David Simon, perhaps television's greatest chronicler of institutional inertia, brings a painful and complex story of 1980s local politics to the network where he made The Wire.
The country singer and songwriter has shared many songs of woe. So we asked him three questions about Matthieu Ricard, a blissful Buddhist monk.
Our Summer of Love rolls on with a roundup of romance manga. Japanese comic books can be a daunting field to enter — but we've picked three of the sweetest for your summer reading pleasure.
Author Adam Johnson won the Pulitzer in 2013 for his novel The Orphan Master's Son. Now, he's branching out to places as diverse as Louisiana and East Germany in a new collection of short stories.
Don't be fooled by museums' strong attendance numbers, says professor Michael Lewis. He argues today's art world is a Potemkin village, whose gleaming facades mask an indifference for the art itself.
NPR TV critic Eric Deggans reviews the anticipated new HBO show from The Wire's David Simon, Show Me a Hero.
Williams College professor Michael J. Lewis has an article in Commentary Magazine titled How Art Became Irrelevant. He tells NPR's Scott Simon that museums have become cathedrals for architects.
A restaurant in Toronto dives deep into centuries-old recipes to re-imagine what native Canadian cuisine means. It's part of a movement among chefs exploring heritage and identity through food.
Readers everywhere are rediscovering the work of Brazil's Clarice Lispector. Critic Juan Vidal calls Lispector a singular artist, whose newly collected stories linger in the mind like poetry.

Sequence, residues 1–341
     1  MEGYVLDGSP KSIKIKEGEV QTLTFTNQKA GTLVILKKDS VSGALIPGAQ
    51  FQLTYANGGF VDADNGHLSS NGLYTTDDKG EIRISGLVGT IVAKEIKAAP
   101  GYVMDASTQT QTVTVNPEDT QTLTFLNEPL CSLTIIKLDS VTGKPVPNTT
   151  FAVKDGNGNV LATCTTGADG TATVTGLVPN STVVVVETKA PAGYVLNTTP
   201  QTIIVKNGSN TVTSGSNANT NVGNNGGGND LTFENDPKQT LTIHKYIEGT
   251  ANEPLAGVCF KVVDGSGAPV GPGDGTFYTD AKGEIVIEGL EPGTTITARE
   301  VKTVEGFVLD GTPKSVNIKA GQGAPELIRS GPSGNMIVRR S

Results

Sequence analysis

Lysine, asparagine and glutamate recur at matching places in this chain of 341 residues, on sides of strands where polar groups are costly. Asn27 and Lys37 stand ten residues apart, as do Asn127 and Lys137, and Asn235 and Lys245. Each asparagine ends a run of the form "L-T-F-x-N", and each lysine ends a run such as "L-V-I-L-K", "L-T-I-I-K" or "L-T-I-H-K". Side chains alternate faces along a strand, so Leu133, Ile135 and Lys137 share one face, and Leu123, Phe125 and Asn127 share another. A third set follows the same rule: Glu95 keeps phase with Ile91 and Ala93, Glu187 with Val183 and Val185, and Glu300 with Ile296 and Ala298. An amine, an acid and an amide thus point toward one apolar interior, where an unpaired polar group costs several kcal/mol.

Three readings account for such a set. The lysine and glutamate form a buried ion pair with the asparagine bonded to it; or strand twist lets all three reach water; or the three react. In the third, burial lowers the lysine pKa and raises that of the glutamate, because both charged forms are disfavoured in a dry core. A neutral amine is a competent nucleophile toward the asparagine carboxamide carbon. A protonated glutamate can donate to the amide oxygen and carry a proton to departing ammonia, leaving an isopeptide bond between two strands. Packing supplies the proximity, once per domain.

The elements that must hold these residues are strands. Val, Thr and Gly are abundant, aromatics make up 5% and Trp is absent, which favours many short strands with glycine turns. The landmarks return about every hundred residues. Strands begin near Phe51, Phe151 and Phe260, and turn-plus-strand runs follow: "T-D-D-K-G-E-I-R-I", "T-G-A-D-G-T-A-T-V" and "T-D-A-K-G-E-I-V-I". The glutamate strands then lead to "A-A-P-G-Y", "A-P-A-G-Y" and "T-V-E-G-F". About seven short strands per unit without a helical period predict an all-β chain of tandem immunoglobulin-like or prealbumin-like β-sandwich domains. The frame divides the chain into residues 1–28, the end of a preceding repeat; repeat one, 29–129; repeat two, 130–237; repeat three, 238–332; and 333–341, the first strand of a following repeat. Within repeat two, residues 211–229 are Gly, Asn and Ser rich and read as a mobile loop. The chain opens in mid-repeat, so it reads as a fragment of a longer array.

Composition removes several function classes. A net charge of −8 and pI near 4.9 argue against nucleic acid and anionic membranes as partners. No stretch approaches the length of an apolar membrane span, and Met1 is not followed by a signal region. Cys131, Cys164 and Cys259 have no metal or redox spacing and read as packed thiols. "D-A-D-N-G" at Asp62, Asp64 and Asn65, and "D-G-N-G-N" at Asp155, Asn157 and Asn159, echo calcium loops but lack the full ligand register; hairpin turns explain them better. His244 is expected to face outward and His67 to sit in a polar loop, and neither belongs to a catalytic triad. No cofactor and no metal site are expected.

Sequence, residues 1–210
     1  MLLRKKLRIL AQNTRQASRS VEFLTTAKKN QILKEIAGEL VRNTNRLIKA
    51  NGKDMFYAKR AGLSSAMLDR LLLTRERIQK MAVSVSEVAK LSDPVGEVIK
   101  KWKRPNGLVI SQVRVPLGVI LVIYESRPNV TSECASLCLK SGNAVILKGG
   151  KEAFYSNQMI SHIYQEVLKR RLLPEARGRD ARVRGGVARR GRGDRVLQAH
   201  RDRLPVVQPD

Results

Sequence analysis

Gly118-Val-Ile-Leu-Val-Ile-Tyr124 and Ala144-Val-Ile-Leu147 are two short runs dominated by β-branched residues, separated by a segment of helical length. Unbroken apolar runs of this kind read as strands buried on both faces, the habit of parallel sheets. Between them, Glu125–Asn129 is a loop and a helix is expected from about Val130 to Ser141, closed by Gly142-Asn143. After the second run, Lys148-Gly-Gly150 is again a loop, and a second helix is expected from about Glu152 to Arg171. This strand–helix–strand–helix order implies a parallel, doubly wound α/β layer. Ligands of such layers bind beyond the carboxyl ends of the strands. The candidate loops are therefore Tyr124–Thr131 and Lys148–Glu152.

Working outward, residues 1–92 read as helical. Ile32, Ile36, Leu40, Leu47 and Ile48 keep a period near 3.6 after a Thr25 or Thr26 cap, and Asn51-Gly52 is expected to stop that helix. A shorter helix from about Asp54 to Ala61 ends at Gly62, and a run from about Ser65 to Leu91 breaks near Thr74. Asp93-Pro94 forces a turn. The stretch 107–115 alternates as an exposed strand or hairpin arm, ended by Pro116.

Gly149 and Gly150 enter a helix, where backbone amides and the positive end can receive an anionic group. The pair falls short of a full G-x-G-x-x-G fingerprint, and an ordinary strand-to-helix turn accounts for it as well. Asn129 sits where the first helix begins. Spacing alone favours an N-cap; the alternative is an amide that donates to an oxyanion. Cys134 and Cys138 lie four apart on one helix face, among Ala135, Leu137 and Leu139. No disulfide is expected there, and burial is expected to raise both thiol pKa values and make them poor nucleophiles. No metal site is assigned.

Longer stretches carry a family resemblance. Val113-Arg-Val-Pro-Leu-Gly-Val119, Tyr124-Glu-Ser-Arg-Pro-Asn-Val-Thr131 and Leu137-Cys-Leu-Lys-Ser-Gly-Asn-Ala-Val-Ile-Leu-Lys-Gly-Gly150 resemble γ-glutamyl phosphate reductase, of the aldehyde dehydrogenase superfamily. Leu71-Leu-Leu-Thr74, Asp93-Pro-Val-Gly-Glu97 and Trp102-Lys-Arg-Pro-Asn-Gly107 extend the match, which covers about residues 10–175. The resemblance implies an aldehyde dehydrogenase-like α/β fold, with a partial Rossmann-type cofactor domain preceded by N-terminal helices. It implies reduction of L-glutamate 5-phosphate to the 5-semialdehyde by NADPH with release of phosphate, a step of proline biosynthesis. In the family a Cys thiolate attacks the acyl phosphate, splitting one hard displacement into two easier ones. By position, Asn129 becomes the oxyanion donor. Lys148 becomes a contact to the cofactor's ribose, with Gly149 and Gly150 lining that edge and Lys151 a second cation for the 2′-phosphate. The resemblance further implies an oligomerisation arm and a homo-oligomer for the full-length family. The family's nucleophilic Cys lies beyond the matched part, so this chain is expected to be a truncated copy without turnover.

The British director has rebooted The Man from U.N.C.L.E., the much-loved television show from the 1960s. His new film gives American agent Napoleon Solo and Soviet spy Illya Kuryakin new backstories.
A new musical by Tony nominated songwriters Benj Pasek and Justin Paul, Dear Evan Hansen is a comedic drama that deals with teen suicide in the age of social media.
NPR's Robert Siegel and Melissa Block read listener letters, including reaction to an interview about boatloads of migrants washing up on the Greek Island of Chios, and a Bob Mondello piece about good movies to cool you off on a hot summer's day.
Mona Eltahawy says as a female in Saudi Arabia you have two options: "To lose your mind or become a feminist." Rafia Zakaria says it's crucial to reclaim the identity of the modern Muslim woman.
The star of the The End of the Tour may be best known for his "bromance" films. "These kind of buddy movies are allowing men to open up a little bit," Segel says. Originally broadcast March 23, 2009.
In 1996, Wallace's novel Infinite Jest was a critical and popular success. The new movie The End of The Tour recreates the author's tour for that book. Originally broadcast March 5, 1997.
NPR film critic Bob Mondello remembers the first movie he ever saw in a theater — Sleeping Beauty — and what it meant to him.
David Simon's new HBO mini-series, Show Me a Hero, examines racial biases in New York City's public housing laws. Critic David Bianculli says, "This 25-year-old true story couldn't seem more timely."
The 2014 ALS Ice Bucket Challenge was one of the fastest fundraising efforts in history. Nancy Frates recounts how her love for her son Pete plunged her into leading a worldwide awareness campaign.
After setting a new personal goal, often your first instinct is to tell someone. But entrepreneur Derek Sivers says you're better off keeping it to yourself.
Actor and writer Julia Sweeney says parenting has always made her feel like an amateur — but especially when her 8-year-old started asking some smart questions about animal reproduction.